Cassava production in Colombia’s southwestern Cauca department. Photo by: Neil Palmer / CIAT

It was a eureka moment for geneticists at the CIAT gene bank.

They found 60 new cassava varieties from samples brought into their lab from Colombia’s Cauca Department. It was part of a study to establish how many improved varieties of this staple crop farmers there had adopted, and why.

“There were a group of samples that didn’t have a reference in our gene bank,” said Ricardo A. Labarta, Senior Scientist and Agricultural and Environmental Economist, who designed the study.

Published recently in the Journal of Agricultural Economics, the study aims to enhance advice to cassava farmers on how to better manage their crops, as well as to measure the impact of the work of CIAT, specifically on cassava.

Together with Corpoica*, CIAT has produced 16 improved varieties of cassava over the last eight years.

Identifying varieties

A key component of the study was to identify cassava varieties that farmers in the Cauca Department were cultivating.

In general, there are two types of crop varieties.

First are landraces. These are plant species commonly cultivated in an area, or the standard variety in a particular locality. There are hundreds of cassava landraces in Colombia. The most popular are called Sata, Algodona, and Amarga.

Second are improved varieties, products of scientific research work with the goal of enhancing the traits of a particular landrace, to make them higher-yielding and more resistant to disease.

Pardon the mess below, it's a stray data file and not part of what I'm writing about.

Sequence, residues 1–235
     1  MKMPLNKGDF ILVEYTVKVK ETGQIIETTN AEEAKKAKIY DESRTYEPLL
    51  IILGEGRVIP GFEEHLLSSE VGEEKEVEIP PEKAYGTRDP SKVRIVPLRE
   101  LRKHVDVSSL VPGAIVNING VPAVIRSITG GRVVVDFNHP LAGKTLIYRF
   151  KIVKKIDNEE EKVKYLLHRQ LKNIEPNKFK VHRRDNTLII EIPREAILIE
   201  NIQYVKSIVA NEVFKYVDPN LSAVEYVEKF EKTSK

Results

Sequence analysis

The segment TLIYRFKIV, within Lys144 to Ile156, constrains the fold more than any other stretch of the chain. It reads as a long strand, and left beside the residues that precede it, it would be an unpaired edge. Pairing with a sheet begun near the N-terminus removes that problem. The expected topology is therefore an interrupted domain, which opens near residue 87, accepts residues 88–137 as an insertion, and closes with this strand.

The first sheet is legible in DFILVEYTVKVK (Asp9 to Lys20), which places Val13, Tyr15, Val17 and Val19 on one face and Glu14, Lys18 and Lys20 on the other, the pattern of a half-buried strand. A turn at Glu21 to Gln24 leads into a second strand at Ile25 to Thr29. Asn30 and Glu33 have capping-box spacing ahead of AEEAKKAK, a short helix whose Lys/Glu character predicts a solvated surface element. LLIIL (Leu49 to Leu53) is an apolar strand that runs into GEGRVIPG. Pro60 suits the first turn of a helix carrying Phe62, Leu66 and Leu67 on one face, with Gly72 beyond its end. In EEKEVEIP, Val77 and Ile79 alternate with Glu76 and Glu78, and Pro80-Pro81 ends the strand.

In Colombia and elsewhere, farmers obtain these varieties through formal means, such as from extension workers — those who provide advice on crop management. Or they acquire planting materials through informal channels, such as from fellow farmers.

Previous research examining adoption of improved varieties hinged on surveys of farming households. The questionnaires typically ask what farmers grow, which specific crop varieties, how they manage their crops, and what they do with their harvests, among other things.

But verifying the identity of varieties through these surveys has proven to be a challenge. Farmers are often unable to determine varieties by official names or they offer names that are different from the ones on the government records.

There’s also the issue of genetic identity loss. This happens when farmers crossbreed different varieties giving birth to new, undocumented ones.

To address the challenge, Labarta et al added a novel technology to the mix: DNA fingerprinting.

Genetic profiling

DNA fingerprinting analyzes the genetic characteristics or the unique identity of organisms, in this case cassava. For plants, leaves are generally the best source of DNA material.

To do DNA fingerprinting, Labarta’s team had to collect stems of cassava from farmers’ fields. They labeled the samples with the names provided by farmers, and the sites where they were collected. They sent these to CIAT laboratories, which planted the stems in greenhouses. Once the plants had grown, geneticists extracted DNA from the leaves.

From the 434 stem samples from 217 farmers, DNA fingerprinting identified 120 varieties, 9 of which were improved.